Product Trainers at Rheem: Frank Sloan
August 9, 2023
Meet Frank Sloan, a dedicated employee at Rheem® who is truly passionate about his work. With a unique dual role as a technical trainer and content developer, Frank brings a wealth of valuable experience to the table. Having spent nearly two decades in the plumbing industry, specializing in water heaters and hydronic boilers, Frank is a true expert in his field. Before joining Rheem, he served as an HVAC instructor, developing his teaching skills. Now, Frank is excited to apply his gift of teaching to Rheem, where he is committed to educating and guiding both present and future plumbers.
Achieving the Lightbulb Moment
For Frank, the fruits of the trades are endless. He sees his students’ journey firsthand, going from not knowing to being champions of the products and technologies he teaches them. Read on to see how he does it.
Came for the Job, Stayed for the Fulfillment
Q: Why did you get into plumbing?
A: By accident, really. I was working a shift in a gas station at the ripe age of 18. I grabbed a newspaper and saw a position for an apprentice in HVAC/R and Hydronics with no experience necessary. I had no idea what it was, but it was better than what I was doing. I never looked back.
Q: What do you like most about being a tradesman?
A: Being in the trades has allowed me to learn new things, teach new things and provide comfort for customers. I have been able to work many years in the trade and then transition into education for young people desiring a trade of their own. I feel blessed to be able to do everything I have been able to do for myself and my family because I learned a trade.
Q: What is your favorite memory of a time you helped your customers?
A: My favorite memory of helping my customers was helping those who had hardships and could not afford to replace a furnace, boiler or a water heater. I would offer them a solution such as a scratch and dent unit, a used unit I came across for free or being able to fix something that others said was unfixable.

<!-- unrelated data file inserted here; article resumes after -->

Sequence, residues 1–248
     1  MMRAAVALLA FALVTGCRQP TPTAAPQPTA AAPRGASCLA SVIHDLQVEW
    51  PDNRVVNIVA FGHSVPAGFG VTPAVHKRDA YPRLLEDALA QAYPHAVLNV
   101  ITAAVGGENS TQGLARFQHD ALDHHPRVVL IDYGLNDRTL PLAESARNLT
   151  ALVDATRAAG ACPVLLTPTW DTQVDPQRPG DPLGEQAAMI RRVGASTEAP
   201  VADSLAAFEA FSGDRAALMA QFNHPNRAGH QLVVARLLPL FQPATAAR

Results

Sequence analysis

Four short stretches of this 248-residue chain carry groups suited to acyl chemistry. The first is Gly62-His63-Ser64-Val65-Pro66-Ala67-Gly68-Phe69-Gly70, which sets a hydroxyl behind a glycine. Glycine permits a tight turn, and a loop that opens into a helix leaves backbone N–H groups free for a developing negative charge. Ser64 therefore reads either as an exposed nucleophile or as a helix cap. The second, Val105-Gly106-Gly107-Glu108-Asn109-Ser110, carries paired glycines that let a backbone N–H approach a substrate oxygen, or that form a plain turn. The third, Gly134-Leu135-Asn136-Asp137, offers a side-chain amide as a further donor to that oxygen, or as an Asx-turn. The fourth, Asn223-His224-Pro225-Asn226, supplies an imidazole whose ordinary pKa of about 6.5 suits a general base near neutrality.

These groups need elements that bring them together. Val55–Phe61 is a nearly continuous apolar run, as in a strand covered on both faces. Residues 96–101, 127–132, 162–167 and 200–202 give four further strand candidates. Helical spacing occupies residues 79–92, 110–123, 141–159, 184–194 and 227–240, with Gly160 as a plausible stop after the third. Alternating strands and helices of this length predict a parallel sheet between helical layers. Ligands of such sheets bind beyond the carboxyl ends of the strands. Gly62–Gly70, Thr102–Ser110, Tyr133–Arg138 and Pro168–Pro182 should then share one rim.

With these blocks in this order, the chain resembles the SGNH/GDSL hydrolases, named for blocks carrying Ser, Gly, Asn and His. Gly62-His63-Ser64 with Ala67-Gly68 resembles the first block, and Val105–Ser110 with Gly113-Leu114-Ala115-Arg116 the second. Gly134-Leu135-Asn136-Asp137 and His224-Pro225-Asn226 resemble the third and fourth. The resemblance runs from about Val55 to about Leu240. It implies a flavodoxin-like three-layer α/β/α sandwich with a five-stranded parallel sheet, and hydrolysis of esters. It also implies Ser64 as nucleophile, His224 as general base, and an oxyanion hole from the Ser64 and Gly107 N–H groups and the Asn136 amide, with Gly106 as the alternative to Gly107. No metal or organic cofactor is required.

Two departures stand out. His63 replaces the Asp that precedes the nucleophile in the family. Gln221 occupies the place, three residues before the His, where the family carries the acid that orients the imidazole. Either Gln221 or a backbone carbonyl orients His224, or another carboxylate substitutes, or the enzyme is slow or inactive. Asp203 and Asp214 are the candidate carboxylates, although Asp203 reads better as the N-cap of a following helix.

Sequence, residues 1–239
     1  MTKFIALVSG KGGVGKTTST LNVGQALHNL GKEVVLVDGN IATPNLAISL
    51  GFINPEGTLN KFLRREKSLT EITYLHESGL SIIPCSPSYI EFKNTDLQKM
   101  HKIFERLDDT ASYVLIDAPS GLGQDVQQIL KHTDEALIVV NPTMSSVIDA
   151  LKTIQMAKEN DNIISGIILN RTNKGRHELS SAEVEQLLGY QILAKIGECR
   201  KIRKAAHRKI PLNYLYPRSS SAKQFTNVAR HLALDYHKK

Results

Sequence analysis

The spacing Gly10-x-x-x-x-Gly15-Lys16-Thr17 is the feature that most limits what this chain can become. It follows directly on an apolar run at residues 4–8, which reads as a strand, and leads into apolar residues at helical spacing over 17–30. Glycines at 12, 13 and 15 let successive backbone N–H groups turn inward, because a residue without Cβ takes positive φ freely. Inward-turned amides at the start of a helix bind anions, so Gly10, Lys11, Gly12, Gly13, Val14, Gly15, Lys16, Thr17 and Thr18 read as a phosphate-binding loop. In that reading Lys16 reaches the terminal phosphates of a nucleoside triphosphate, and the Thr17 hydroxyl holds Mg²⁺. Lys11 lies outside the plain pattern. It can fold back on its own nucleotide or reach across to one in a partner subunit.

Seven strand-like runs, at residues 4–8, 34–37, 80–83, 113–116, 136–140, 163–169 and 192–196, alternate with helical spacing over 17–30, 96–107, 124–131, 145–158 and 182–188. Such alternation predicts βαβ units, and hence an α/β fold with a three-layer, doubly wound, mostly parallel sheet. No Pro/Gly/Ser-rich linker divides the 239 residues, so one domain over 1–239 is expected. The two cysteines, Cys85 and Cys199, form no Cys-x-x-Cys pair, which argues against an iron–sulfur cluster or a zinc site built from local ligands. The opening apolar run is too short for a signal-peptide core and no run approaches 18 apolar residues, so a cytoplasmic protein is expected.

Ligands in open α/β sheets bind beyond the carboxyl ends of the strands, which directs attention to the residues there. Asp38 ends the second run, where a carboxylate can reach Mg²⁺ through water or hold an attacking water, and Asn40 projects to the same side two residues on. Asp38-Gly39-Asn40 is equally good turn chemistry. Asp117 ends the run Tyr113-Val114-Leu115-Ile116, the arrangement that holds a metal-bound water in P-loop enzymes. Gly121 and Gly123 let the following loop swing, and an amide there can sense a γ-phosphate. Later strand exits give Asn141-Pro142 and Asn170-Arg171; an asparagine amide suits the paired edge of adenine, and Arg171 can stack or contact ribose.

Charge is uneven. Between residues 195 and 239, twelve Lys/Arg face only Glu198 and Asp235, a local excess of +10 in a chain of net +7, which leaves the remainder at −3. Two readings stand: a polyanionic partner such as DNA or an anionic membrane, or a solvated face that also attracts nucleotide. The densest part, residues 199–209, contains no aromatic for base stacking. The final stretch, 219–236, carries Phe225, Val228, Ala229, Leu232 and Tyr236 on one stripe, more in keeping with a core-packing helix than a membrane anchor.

Q: What do you like most about being a trainer and content developer at Rheem?
A: Teaching is in my blood, and creating the content that allows a student to understand what I am teaching is the key. Education is about taking complex ideas and making them simple. I love the moment when a student does not understand how something works and while I am teaching, a lightbulb goes off. Understanding that everyone learns differently is key to providing the right type of class. Being able to adjust my teaching style to fit their learning style has been most beneficial.
Q: What is your proudest moment as a trainer or content developer?
A: My proudest moment comes when a training is complete and you are able to change the hearts and minds of stubborn students who resist new technology or new ideas. When they say thank you and that they will try a product or a best practice, I feel like I did my job and helped them at the same time.
Q: What course is your favorite to teach?
A: My favorite courses to teach are on heat pump water heaters, tankless electric water heaters and hydronics. Heat pump water heaters are challenging because a lot of plumbers do not understand them, and the same goes for tankless electric. There is a fear factor associated with these technologies or common misconceptions. I have found if you help people understand them, the fear or general dislike of the products changes. Getting a student to see the benefits of a product and how it can help them grow a business is very rewarding.
Q: Tell us about a time that a plumber had an ‘aha’ moment in your class.
A: I was teaching a tankless electric class and someone had something negative to counter everything I said. We agreed to disagree at the time. After that encounter, I reevaluated the way I taught the product and changed my presentation using every negative given and turning it into a positive. Fast forward six months, and this same person was in my new presentation. The lightbulb went off and he got it. He is now a big advocate for the product.
Q: One more thing…
A: Do not forget to reach out to the next generation in the tech schools and apprentice unions. These people are the future of the trades and we want to leave it in better condition than when we started our journey.
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